Six Best Practices of DevSecOps Implementation
There are a few best practices that benefit and help streamline the DevSecOps approach:
- Delivering code in small portions so that vulnerabilities are identified quickly.
- Increasing speed and efficiency by utilizing change management.
- Being in a constant state of compliance (audit-ready!).
- Identifying and responding quickly to emerging threats with every update.
- Identifying, responding to, and patching new vulnerabilities with code analysis.
- Staying up-to-date with training on security guidelines for cloud native applications.
The intent is to make security a natural part of the workflow, rather than rushing to add it on later in the development cycle. This way, teams that take a DevSecOps approach work together to deliver rapid, secure, and efficient code releases.
DevSecOps and Container Adoption
Automation isn’t the only thing that you should have your eye on when it comes to DevSecOps. Cloud-native technologies, such as containers, are now a major part of most DevOps initiatives. The use of containers represents one of the most important opportunities to bridge the gap between software development and security teams. This adoption represents a vital opportunity to shift security left. When security is designed into the development cycle from the beginning, both security and development will feel an increased sense of ownership.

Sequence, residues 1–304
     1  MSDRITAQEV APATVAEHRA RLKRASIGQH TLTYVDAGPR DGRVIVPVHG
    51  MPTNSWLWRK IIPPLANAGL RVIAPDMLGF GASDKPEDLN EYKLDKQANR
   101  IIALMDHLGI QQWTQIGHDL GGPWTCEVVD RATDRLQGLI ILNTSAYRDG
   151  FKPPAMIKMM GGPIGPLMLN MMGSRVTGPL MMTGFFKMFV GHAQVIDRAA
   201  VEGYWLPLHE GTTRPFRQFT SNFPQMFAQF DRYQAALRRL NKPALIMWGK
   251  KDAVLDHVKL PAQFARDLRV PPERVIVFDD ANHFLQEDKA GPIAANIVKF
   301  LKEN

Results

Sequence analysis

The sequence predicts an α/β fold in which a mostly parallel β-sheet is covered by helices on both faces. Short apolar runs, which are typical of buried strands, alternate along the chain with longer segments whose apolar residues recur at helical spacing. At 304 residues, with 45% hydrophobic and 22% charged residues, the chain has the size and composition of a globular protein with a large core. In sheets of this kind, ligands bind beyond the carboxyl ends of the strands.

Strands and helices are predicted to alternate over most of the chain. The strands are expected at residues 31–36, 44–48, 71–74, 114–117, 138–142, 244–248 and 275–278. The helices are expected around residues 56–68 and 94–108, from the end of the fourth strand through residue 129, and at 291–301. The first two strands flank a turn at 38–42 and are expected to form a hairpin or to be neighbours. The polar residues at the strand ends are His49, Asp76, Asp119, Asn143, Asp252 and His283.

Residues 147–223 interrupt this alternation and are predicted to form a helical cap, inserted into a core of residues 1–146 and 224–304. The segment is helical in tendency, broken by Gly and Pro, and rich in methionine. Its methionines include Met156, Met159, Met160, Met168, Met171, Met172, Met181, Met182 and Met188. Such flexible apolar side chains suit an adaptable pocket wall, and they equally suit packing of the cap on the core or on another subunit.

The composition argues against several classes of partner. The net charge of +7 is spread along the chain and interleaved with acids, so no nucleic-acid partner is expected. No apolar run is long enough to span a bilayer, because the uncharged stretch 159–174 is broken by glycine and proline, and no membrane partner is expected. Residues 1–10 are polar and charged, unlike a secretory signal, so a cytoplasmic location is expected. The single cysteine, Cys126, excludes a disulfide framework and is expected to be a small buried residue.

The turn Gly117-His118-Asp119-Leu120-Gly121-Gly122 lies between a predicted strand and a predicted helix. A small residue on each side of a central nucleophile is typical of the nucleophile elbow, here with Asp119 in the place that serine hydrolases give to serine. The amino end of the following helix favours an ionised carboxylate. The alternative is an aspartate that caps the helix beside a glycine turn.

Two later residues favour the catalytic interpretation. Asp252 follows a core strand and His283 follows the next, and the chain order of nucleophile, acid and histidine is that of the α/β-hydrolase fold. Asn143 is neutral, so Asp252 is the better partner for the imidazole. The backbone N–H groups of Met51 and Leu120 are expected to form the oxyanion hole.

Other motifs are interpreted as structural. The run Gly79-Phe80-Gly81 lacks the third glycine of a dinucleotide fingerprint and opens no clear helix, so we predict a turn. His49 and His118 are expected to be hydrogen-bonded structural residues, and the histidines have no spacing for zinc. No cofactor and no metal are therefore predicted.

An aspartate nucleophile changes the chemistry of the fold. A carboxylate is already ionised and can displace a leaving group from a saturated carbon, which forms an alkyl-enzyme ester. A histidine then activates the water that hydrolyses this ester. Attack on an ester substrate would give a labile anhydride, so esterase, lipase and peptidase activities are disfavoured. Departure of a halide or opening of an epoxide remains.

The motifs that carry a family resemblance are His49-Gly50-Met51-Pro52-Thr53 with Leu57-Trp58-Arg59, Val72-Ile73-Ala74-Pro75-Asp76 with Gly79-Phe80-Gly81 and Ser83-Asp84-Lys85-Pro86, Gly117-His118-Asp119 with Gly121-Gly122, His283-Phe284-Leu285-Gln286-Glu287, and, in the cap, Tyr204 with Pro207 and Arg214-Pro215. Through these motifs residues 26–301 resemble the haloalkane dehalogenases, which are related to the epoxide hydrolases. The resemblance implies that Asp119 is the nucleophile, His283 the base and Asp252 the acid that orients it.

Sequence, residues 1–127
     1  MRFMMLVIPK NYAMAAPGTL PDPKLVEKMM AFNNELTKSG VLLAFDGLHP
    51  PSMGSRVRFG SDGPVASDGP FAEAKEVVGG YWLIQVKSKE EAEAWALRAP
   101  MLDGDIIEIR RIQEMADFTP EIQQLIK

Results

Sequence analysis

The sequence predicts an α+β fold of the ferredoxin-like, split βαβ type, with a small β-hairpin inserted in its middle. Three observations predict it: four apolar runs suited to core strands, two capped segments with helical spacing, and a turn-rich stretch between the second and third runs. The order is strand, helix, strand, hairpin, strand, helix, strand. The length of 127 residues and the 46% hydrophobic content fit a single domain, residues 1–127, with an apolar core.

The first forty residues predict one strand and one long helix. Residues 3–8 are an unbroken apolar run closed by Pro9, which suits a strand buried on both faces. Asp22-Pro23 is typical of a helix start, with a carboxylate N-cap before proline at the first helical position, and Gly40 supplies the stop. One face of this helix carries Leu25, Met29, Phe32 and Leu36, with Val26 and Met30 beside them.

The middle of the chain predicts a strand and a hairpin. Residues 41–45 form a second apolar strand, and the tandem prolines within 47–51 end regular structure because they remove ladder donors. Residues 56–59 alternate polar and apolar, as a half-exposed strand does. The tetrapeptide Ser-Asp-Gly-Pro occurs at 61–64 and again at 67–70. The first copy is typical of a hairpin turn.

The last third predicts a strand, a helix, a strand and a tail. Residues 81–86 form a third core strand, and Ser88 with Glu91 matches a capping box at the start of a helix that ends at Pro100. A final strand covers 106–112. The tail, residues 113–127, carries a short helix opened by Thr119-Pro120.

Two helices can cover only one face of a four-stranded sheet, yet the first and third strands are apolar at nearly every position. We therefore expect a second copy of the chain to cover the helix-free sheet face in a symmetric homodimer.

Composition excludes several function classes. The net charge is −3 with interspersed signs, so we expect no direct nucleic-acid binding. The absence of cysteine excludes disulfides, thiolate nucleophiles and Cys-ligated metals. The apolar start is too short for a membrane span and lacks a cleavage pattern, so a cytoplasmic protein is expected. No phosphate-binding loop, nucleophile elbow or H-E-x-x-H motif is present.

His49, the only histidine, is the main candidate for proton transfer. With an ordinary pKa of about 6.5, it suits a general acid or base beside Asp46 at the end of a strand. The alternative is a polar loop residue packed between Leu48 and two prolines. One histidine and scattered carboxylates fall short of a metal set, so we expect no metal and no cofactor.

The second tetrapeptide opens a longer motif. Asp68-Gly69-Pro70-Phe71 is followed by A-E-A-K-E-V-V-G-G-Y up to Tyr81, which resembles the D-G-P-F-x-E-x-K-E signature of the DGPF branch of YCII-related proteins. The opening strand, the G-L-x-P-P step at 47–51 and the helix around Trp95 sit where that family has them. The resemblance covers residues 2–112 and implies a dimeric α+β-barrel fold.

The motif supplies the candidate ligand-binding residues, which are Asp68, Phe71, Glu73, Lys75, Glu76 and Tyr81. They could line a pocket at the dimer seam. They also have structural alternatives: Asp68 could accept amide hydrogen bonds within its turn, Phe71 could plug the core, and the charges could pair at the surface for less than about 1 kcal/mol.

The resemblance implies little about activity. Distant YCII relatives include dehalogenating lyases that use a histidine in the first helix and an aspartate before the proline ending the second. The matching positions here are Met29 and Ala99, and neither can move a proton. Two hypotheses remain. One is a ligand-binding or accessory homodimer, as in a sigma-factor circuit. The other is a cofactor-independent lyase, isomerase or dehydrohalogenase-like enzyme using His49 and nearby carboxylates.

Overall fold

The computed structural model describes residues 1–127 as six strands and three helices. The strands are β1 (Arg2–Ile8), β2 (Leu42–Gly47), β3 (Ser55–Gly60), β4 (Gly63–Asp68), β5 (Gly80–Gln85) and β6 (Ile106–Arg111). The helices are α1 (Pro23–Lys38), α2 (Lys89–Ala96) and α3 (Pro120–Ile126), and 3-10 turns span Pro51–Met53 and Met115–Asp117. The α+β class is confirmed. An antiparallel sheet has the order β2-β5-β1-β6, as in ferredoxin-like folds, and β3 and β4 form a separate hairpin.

Containers decouple software applications or services from the operating system, which gives users a clean environment while running the application within a designated container. They are designed to help developers and system administrators, and are becoming an integral part of many DevOps toolchains.
Containers have redefined the way many organizations conduct business. Containers streamline software delivery, provide simplicity when granting individual applications access to resources, and enable a number of features that allow DevSecOps processes to be easily executed. During the development and build process, container image scanning tools protect against misconfigurations and vulnerable packages. In runtime, embedding security using runtime monitoring tools, web application, and API protection, and micro-segmentation protects every part of a containerized application.